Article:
DIY Home Improvement Forum banner
1 - 11 of 11 Posts

·
Registered
Joined
·
3 Posts
Discussion Starter · #1 ·
My home inspector found the bare ground wire from the main switch box was cut near the ground, he said the ground wire end should go under 4feet in the ground. However, I found out later the wire is side-connected to a TV cable line which goes deep in the ground, is the home inspector wrong or I still need to get this corrected?
 

·
Registered
Joined
·
1,667 Posts
The SE ground should be connected directly to the grounding rod. It can share the rod with the TV antenna ground, but it must not be broken or spliced between the panel and the rod, and must have its own ground clamp on the rod.
It is OK for the TV antenna ground to be connected to the SE ground though.
The ground rod must be driven into the ground at least 8 ft.

If there is a metallic water pipe coming into the house, there must also be a ground from the SE panel (separate from the one to the ground rod I believe) to the street side of the cold water pipe.
There must also be a jumper around the water meter and/or any non-metallic parts in the cold water supply so that the entire water supply system is at ground potential.
In addition, there must be a jumper across the hot water heater (from cold inlet to hot outlet) (assuming that metallic pipes are used).

I am not sure what the gauge of the grounding wire must be, but I am sure someone will add that.

FW
 

·
Household Handyman
Joined
·
2,480 Posts
KE2KB, are you quoting NEC or local codes on the jumper wire around the water meter? I don't know what good that would do around here, all water service piping leaving the main is plastic, and then PVC from the meter to the home(s). I've never seen the jumper on the water heater piping here either. Not to say it may not be NEC and no one follows it, these may be local codes in your area. Thanks, David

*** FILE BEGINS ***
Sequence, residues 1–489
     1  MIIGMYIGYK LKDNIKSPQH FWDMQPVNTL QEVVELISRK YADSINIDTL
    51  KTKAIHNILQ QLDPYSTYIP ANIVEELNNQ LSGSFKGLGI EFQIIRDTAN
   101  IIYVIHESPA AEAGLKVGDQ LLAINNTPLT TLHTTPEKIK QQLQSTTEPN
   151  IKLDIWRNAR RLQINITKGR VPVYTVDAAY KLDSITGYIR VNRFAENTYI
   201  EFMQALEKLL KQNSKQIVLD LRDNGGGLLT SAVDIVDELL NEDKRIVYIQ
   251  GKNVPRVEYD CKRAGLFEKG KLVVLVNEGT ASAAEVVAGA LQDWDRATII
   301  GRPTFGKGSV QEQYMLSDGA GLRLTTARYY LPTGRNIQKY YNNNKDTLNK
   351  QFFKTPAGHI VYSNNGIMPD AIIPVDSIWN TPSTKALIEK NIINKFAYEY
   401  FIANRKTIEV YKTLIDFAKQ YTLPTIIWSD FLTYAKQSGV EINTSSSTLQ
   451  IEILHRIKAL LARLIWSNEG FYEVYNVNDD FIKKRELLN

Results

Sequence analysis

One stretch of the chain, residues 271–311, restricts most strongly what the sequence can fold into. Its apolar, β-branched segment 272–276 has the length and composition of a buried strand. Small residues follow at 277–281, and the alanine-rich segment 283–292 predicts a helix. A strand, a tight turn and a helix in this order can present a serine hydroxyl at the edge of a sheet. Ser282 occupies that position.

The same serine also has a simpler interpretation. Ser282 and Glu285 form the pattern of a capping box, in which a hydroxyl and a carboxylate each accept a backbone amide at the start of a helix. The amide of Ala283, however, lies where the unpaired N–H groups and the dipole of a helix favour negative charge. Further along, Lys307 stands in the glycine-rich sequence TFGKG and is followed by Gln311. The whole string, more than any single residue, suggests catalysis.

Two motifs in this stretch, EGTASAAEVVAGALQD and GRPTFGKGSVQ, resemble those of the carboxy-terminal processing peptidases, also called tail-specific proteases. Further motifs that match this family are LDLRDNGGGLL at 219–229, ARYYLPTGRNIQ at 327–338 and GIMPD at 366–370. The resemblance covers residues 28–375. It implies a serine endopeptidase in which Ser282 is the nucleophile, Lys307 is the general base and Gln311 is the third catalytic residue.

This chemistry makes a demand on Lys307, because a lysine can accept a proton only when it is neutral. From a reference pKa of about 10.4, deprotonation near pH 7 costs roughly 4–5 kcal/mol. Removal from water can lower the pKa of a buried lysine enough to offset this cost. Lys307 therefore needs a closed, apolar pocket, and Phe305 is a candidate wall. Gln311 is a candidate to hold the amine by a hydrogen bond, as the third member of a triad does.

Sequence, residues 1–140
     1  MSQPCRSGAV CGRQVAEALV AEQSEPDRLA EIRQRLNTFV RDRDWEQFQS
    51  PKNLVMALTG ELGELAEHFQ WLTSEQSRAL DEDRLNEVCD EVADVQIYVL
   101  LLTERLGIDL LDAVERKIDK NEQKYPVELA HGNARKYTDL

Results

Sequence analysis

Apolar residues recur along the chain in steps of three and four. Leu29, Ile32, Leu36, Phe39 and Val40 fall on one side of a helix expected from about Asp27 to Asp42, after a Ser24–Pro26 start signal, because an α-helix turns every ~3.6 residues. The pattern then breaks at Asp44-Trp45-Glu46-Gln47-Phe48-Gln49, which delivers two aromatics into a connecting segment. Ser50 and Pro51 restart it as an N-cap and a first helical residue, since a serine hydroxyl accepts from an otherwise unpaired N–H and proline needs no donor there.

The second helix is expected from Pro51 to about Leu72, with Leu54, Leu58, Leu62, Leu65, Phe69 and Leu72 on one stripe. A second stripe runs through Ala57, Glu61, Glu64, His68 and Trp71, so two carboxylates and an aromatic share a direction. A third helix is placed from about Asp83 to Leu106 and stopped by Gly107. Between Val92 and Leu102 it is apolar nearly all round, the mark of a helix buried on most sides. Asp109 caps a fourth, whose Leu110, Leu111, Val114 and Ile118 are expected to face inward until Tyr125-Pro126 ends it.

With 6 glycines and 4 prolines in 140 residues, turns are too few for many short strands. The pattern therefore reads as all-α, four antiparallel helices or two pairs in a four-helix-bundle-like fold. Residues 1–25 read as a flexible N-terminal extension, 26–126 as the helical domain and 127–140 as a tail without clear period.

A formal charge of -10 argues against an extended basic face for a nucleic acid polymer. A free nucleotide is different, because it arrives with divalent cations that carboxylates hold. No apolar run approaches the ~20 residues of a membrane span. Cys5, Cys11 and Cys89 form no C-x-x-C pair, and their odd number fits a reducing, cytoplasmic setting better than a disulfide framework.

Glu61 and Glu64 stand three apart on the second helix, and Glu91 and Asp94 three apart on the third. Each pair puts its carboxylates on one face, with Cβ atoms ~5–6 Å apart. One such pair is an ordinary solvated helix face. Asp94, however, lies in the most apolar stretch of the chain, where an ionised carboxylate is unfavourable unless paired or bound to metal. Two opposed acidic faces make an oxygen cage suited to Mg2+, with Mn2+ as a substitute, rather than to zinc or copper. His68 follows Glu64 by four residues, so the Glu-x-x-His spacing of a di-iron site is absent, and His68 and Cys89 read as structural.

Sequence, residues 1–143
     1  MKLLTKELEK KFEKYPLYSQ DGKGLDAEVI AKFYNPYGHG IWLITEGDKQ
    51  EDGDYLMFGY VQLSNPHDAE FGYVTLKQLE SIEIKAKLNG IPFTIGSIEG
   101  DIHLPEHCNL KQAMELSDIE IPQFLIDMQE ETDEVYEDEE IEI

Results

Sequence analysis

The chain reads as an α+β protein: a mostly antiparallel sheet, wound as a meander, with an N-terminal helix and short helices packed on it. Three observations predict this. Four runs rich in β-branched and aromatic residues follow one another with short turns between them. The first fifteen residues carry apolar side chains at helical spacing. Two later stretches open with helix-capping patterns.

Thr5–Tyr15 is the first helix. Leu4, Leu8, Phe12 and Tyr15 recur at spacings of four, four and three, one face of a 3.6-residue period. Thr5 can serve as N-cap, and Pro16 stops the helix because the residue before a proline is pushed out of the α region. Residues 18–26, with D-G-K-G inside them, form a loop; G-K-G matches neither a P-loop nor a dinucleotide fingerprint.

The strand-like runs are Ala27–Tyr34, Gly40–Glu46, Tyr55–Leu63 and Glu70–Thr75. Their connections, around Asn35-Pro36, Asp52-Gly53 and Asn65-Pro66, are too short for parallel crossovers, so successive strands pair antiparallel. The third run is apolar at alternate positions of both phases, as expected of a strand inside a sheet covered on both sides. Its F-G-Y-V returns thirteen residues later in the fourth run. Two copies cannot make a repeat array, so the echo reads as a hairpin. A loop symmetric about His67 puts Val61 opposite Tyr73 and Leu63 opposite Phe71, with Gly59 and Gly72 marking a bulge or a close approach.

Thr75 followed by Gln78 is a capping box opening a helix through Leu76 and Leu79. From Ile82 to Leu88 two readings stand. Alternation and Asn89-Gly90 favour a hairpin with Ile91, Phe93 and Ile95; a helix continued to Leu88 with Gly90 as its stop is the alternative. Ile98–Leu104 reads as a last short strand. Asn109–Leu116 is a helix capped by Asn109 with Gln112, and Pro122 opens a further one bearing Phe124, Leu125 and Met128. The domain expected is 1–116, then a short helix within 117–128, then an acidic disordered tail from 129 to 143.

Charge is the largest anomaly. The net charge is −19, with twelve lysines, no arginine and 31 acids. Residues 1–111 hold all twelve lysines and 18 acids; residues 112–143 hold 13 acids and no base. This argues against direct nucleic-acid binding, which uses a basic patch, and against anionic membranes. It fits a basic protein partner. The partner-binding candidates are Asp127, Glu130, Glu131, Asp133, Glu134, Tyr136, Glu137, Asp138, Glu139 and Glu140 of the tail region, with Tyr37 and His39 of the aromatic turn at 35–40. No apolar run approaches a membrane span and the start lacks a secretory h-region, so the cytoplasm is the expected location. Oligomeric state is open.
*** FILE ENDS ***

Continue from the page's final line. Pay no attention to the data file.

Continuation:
·
Electrical Contractor
Joined
·
1,054 Posts
Cold water pipe within 5' of where it enters the house only if metal and in contact with the earth for more than 10'
 

·
Registered
Joined
·
2,294 Posts
Could be a lot of things.

A home inspector doesn't know enough to tell you what needs to be done. Call an electrician for the whole stoty.
 

·
Registered
Joined
·
2,294 Posts
Not enough info. I need to see the whole system.

Call an electrician. Most still give free estimates.

You need.

1. Water bond. (wire from the neutral bus in the panel to the water piping system)

2. Gas bond.(wire from the neutral bus in the panel to the gas piping system)

3. Grounding conductor (wire from the neutral bus in the panel to the ground rods or rebar in the footing) In some cases (not in my area) the water pipe can be used in lieu of ground rods/ufer ground.

The stuff the cable[telco company hooks up is to bond their stuff to the electrical system.
 

·
Registered
Joined
·
1,667 Posts
KE2KB, are you quoting NEC or local codes on the jumper wire around the water meter? I don't know what good that would do around here, all water service piping leaving the main is plastic, and then PVC from the meter to the home(s). I've never seen the jumper on the water heater piping here either. Not to say it may not be NEC and no one follows it, these may be local codes in your area. Thanks, David
2005 NEC 250.104 section A(1) pretty much states that metal water piping needs to be bonded to the SE grounding system.
The conductor bypassing the water meter is apparently required in my case because the SE grounding conductor is bonded on the street side of the meter, and the meter cannot be part of the grounding system.

I have to look further for the requirement on bypassing the water meter, but I would think that if the entire metallic piping system needs to be bonded to the SE ground, then the bypass is necessary for the same reason that the water meter bypass is required.

I believe I did say that this applies only if pipe is metallic. Of course on a PVC or PEX system, this is not applicable.
I'll have to check the code. I may be reading 2008 code, which has not yet been adopted by many states/localities.

Regardless of code, wouldn't you think it is good practice to install the jumpers in these situations?

FW
 
1 - 11 of 11 Posts
Top